On August 29, 2016, in Bristol-Myers Squibb Co. v. The Superior Court of San Francisco County, — P.3d –, 2016 WL 4506107 (Cal. 2016), the California Supreme Court in a 4-3 decision addressed the issue of personal jurisdiction in a case where 678 individuals, consisting of 86 California residents and 592 nonresidents, all alleged adverse consequences from the use of Bristol-Myers Squibb’s drug Plavix.  Bristol-Myers Squibb is incorporated in Delaware, headquartered in New York City, with substantial operations in New Jersey.  The lawsuits were filed in San Francisco Superior Court.

On the issue of general jurisdiction (i.e., whether a defendant can be sued in the forum regardless of whether the case is related to the forum), the Court stated that “although the company’s ongoing activities in California are substantial, they fall far short of establishing that it is at home in this state.”  However, on the issue of specific jurisdiction (i.e., whether the case-linked conduct occurred in the forum), the Court found that Bristol-Myers Squibb’s national marketing, promotion, and distribution of Plavix in California, coupled with its research and development facilities in California, created specific jurisdiction, even with respect to the out-of-state plaintiffs.  Although the majority opinion stated its decision did “not render California an all-purpose forum for filing suit against [the defendant] for any matter,” the dissent warned that the “the majority [decision] expands specific jurisdiction to the point that, for a large category of defendants, it becomes indistinguishable from general jurisdiction.”

Only a few days earlier, on August 26, 2016, in M.M. v. GlaxoSmithKline LLC, 2016 Ill. App. LEXIS 575 (Ill. App. 2016), the Illinois Court of Appeals for the First District addressed whether the Circuit Court of Cook County, Illinois had specific jurisdiction over GlaxoSmithKline in lawsuits brought by 12 nonresident plaintiffs against GlaxoSmithKline based upon the drug Paxil.  Although GlaxoSmithKline is based in Delaware and does not have corporate or administrative headquarters in Illinois, the Illinois Court of Appeals found that personal jurisdiction existed over GlaxoSmithKline.  The Court reasoned that as the Plaintiffs’ allegations involved GlaxoSmithKline’s alleged errors during its clinical trials of Paxil, which partially occurred in Illinois, these Illinois clinical trial actions established specific jurisdiction.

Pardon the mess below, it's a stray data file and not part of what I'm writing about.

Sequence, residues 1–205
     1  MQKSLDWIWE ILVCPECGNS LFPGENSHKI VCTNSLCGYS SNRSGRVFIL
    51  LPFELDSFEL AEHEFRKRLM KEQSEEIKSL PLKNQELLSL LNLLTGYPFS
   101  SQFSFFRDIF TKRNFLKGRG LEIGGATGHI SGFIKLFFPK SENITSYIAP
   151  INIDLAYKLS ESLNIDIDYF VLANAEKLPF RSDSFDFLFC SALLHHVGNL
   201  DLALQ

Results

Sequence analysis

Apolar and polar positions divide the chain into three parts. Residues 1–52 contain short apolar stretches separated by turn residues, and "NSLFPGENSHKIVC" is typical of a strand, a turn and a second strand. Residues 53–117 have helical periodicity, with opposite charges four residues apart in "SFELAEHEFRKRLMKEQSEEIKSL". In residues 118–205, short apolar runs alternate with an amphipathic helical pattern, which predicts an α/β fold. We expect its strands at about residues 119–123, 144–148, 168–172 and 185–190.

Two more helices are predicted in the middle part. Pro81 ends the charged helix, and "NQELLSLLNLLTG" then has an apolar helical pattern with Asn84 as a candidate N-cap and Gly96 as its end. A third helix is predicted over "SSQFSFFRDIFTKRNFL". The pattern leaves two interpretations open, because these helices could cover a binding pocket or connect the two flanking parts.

While Daimler AG v. Bauman, 134 S. Ct. 746 (2014) and other recent decisions have given hope to drug and device companies that they will not be sued in forums other than their home states, especially in cases where the plaintiffs also do not reside in the forum state, neither the California nor Illinois decisions advance this cause.

Life Sciences News Roundup, 6/30/2016

  • Code of Conduct on Privacy for mHealth Apps Finalized by EU – Medical Product Outsourcing
  • Study: Initially CE Marked Medical Devices Have Higher Recall Rate – Mass Device
  • The Defend Trade Secrets Act’s Implications for Medtech – MD+DI
  • China FDA Releases New Self-Assessment Reporting Requirements for Medical Device Distributors – Inside Medical Devices (Covington)
  • Medical Device Companies Feat Parallel Regulation After Brexit Vote – Mass Device

Stepped Up Regulation of Lab-Developed Tests Has Products Liability Implications

Courtney A. Stevens, Esq. | Senior Attorney, Medmarc Loss Control

Significant advances in science, and particularly in genomic medicine, have catapulted lab-developed tests (LDTs)–diagnostic tests designed, manufactured, and used in the same laboratory–past the benign uses they fulfilled decades ago. When LDTs were used with relative infrequency and often for a crucial segment typically neglected by in vitro diagnostic (IVD) manufacturers–namely, rare diseases–they received lax oversight from the FDA under what the Agency deems its “enforcement discretion.”

Now though, in the wake of well-publicized disasters like Theranos and the realities of both (1) the huge cost incentives to use these “home brew” tests over FDA approved tests that can cost as much as ten or twenty times as much; and (2) the transformative effect of genomic testing advances which have meant LDTs are now employed to test everything from birth defects to ovarian cancer, the FDA has undertaken to significantly step up its oversight and require pre-market approval for many such LDTs.

According to the first of three draft guidance documents on the Agency issued on the subject in the last two years, Framework for Regulatory Oversight of Laboratory Developed Tests (LDTs), it proposes a risks-based oversight strategy under which those tests the wrong result or interpretation of which would have the greatest implications for patient mortality or morbidity would receive the most stringent oversight and have to obtain pre-market approval prior to their use.

This stepped-up oversight isn’t merely burdensome to labs making LDTs; it has real products liability implications. For one thing, a company’s misstep with the FDA in the form of an enforcement action or inspection is often either an initial attractant or a catalyst for plaintiffs’ attorneys. Knowing that these kind of regulatory missteps are helpful at trial to paint a picture of a non-compliant, careless manufacturer, plaintiffs’ attorneys may seek grounds for suits after learning of a company’s FDA trouble.

Additionally, standards and regulations are useful to products liability plaintiffs in establishing a standard of care, one hurdle of a negligence case (the next being showing that the defendant deviated from that standard of care). The more detailed and complex the regulations, the easier it is to find some lapse in consistency with them.

LDT makers must be quick to recognize the burdens of their new regulatory environment and adapt accordingly. Quality assurance/regulatory affairs personnel should be hired or engaged as soon as possible to avoid regulatory and products liability consequences.